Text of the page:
Evolution under Pressure

In Turkey, scientists and academics are voicing concerns that the country's Islamic-rooted government is increasingly siding with the country's powerful creationist lobby. Dorian Jones reports

Turkish students (photo: dpa)
In Turkey 700 academics have now filed a case against the government to end what it says is the increasing influence of creationism in science classes

​​A Turkish Professor warns that the battle to teach evolution in schools is being lost. He was speaking at a conference attended by leading academics to discuss what they see is the worrying trend towards the teaching of creationism in schools. The conference organizer was Ozgur Genc.

Showing me the latest biology books used in Turkish schools, Genc explains that over the last few years, evolution theories have been increasingly questioned and undermined. At the same time, he says, creationism is now being put on an equal footing to Darwinism and his theory of the evolution of the species.

Campaigning all across Europe

In one of Istanbul's numerous shopping malls can be found an exhibition advocating creationism. It is organized by the Knowledge Research Foundation. The organization is well-funded and it is distributing thick glossy expensive books for free along with DVDs to anyone interested. The group campaign all across Europe. Tarkan Yavas is one of its directors. He says the organization has a mission to save the country's youth from the outdated ideas of Darwinism.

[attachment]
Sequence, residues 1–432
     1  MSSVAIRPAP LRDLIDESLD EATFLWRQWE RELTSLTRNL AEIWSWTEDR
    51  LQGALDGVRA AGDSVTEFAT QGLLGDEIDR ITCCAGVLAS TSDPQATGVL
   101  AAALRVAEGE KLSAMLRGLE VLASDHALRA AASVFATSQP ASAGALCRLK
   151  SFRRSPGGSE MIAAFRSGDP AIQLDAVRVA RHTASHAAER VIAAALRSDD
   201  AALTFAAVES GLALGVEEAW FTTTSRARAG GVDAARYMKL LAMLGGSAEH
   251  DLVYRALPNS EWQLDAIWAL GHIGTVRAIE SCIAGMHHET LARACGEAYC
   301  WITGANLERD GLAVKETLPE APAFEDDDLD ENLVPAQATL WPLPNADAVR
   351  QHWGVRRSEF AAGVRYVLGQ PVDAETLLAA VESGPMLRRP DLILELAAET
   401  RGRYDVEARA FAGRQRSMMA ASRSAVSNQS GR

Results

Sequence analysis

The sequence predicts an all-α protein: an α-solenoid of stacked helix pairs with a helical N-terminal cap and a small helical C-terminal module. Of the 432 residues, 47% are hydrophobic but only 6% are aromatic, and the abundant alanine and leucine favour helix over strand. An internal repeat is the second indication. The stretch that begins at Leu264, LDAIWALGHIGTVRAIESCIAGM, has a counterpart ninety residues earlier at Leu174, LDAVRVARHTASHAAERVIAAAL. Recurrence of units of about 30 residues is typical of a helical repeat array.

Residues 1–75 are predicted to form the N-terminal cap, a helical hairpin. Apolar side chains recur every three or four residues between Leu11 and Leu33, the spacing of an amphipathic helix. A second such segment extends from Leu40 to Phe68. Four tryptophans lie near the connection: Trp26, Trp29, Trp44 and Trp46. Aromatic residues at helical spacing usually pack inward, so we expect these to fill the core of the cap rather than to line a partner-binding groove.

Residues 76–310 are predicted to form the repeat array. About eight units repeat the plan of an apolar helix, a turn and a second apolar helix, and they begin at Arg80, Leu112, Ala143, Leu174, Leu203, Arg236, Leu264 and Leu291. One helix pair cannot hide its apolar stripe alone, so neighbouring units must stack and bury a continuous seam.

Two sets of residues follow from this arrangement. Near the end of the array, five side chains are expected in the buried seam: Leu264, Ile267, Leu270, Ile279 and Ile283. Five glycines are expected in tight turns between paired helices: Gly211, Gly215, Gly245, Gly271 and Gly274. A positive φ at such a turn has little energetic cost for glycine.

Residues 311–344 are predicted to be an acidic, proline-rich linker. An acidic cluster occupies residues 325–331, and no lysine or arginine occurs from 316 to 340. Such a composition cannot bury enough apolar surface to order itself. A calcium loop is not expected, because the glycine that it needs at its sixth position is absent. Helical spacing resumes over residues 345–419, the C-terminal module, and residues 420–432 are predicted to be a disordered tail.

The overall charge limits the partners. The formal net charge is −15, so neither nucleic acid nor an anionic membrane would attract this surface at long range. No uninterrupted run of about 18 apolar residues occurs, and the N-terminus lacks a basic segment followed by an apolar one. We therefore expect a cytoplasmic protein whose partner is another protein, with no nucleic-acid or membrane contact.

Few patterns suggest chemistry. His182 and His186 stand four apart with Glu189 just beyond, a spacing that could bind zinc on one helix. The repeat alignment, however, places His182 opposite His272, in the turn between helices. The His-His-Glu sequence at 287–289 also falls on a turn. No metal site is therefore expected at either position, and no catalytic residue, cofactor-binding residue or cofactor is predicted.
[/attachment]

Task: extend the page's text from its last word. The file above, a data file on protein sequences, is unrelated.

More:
"What we say is that 21st century technology shows the problems of the evolution theory," Yavas asserts. "We see that scientifically, the evolution theory has collapsed, and it doesn't mean anything. What we want to do is to draw attention to this. At the root of this theory is an ideological stance, with the purpose of denouncing God. We should prevent this incorrect information, these lies that cheat our children."

Transatlantic theological ties

One of the numerous DVDs advocating creationist ideas produced by the Knowledge Research Foundation draws heavily on writings of US-based Christian organizations. Representatives from such groups have addressed creationist conferences in Turkey.

As far back as 1985 the Institute of Creation Research collaborated with the then Turkish government to introduce creationism into the Turkish curriculum. One of most vocal Turkish critics of Darwinism is writer and columnist Mustafa Akyol. He works closely with US groups and was even an expert witness in a Kansas court case challenging the teaching of Darwinism. He sees such cooperation as helping to break down religious barriers.

"There is this interesting alliance being formed between the more theistic people in the west and east, against some ideas, which are inherently hostile to religion. In this clash with the Islamic world and the west, one major element is the ideas which are coming from the west into the Islamic world and which is seen as inherently atheistic. Now there is a controversy in the west about this materialistic philosophy itself, there are some westerners who say we know that materialism is a philosophy but science doesn't really support that philosophy; science can also support theism, the fact that there is a God. So when Muslims recognize this they can stop looking at the world in terms of west versus the east; so we can have a dialogue with the west."